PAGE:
“The important thing is not to stop questioning. Curiosity has its own reason for existing.” ~ Albert Einstein
Thank you, Dr. Einstein, for always questioning. Thanks to a team of physicists who also embraced questions, Einstein’s space-time theory is finally confirmed. According to The New York Times today,
A team of physicists who can now count themselves as astronomers announced on Thursday that they had heard and recorded the sound of two black holes colliding a billion light-years away, a fleeting chirp that fulfilled the last prophecy of Einstein’s general theory of relativity.
That faint rising tone, physicists say, is the first direct evidence of gravitational waves, the ripples in the fabric of space-time that Einstein predicted a century ago. And it is a ringing (pun intended) confirmation of the nature of black holes, the bottomless gravitational pits from which not even light can escape, which were the most foreboding (and unwelcome) part of his theory.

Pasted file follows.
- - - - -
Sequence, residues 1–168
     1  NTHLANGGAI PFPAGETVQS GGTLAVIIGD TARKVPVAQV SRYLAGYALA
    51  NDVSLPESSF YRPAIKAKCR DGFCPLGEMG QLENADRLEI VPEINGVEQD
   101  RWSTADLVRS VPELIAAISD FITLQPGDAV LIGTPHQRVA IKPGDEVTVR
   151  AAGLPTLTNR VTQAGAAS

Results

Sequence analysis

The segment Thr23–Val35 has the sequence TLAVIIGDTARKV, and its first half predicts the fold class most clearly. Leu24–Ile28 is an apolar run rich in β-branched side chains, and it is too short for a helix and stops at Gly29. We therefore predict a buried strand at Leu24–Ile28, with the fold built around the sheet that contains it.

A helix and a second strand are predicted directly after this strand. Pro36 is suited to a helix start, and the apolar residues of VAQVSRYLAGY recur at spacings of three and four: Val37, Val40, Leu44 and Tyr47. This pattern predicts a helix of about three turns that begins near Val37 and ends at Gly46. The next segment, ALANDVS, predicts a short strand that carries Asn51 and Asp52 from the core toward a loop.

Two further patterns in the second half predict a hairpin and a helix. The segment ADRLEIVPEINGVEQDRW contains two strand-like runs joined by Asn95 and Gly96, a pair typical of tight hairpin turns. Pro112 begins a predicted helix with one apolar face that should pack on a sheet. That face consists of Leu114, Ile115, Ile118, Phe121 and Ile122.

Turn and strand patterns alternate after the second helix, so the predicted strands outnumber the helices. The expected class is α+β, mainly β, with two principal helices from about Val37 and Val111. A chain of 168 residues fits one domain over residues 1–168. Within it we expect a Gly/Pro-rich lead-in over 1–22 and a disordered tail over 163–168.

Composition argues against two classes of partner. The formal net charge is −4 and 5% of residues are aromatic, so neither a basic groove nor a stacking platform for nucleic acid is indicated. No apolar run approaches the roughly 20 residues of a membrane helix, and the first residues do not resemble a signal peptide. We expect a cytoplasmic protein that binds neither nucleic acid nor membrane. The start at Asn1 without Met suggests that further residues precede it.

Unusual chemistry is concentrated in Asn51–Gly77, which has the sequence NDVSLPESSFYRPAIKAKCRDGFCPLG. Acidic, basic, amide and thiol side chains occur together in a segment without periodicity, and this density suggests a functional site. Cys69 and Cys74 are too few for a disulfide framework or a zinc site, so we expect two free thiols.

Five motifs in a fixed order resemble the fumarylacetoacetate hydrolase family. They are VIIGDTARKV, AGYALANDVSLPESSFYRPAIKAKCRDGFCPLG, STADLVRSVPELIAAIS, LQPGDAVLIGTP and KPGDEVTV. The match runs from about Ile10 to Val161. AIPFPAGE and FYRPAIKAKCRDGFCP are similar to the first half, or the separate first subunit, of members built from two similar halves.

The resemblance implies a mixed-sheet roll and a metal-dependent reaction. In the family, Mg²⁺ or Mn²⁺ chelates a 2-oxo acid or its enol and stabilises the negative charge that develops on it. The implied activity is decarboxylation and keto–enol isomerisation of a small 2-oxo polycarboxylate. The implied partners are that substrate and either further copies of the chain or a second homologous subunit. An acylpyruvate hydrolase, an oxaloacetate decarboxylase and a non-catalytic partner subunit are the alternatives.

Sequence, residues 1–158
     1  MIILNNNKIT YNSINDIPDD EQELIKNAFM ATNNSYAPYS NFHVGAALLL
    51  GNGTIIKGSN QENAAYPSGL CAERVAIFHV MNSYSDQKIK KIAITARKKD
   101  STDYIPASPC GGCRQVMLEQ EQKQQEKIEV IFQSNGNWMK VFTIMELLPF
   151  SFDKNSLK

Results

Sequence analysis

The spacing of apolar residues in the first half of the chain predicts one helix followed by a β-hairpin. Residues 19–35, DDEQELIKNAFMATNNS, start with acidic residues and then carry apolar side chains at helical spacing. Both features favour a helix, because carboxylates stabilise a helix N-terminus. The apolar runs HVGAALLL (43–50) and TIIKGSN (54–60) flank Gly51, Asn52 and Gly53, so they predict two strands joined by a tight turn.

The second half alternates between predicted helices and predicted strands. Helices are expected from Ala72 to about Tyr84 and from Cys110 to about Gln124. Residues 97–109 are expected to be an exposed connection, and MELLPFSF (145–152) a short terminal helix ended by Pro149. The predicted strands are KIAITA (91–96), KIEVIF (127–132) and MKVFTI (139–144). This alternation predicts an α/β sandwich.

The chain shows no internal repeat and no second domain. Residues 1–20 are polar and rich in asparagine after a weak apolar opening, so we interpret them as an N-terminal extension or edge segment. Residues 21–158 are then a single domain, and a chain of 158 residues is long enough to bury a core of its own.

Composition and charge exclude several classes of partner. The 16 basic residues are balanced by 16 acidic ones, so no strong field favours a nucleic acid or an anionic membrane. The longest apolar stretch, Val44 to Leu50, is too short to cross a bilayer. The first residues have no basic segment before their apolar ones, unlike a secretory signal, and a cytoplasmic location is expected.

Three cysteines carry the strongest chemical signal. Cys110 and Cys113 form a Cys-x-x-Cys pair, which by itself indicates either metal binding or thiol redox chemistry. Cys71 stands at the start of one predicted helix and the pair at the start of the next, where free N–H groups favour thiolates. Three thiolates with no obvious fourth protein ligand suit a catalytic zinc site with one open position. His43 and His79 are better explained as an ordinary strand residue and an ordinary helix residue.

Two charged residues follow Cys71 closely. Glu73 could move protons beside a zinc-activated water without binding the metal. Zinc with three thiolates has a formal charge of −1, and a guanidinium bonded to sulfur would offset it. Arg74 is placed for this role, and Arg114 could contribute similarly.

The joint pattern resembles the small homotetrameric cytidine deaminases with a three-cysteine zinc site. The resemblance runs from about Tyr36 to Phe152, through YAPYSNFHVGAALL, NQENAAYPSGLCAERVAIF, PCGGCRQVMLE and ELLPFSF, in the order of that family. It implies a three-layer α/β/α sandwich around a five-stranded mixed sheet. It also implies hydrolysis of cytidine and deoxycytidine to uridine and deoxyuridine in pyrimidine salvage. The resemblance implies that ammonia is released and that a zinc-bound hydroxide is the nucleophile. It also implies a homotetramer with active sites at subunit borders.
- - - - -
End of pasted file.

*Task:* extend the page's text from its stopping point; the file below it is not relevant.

More generally, it means that scientists have finally tapped into the deepest register of physical reality, where the weirdest and wildest implications of Einstein’s universe become manifest.
While this is particularly cool news for science buffs and/or Big Bang Theory fans (like The Mr. and me), it’s also interesting news for a generation who’s heard about Dr. Einstein’s Theory of Relativity as a scientific construct. Wondering what black holes are and why they’re so ‘foreboding’?
Prefer a more scientific perspective? Check out this documentary on YouTube:
Scary AND exciting stuff, don’t you think??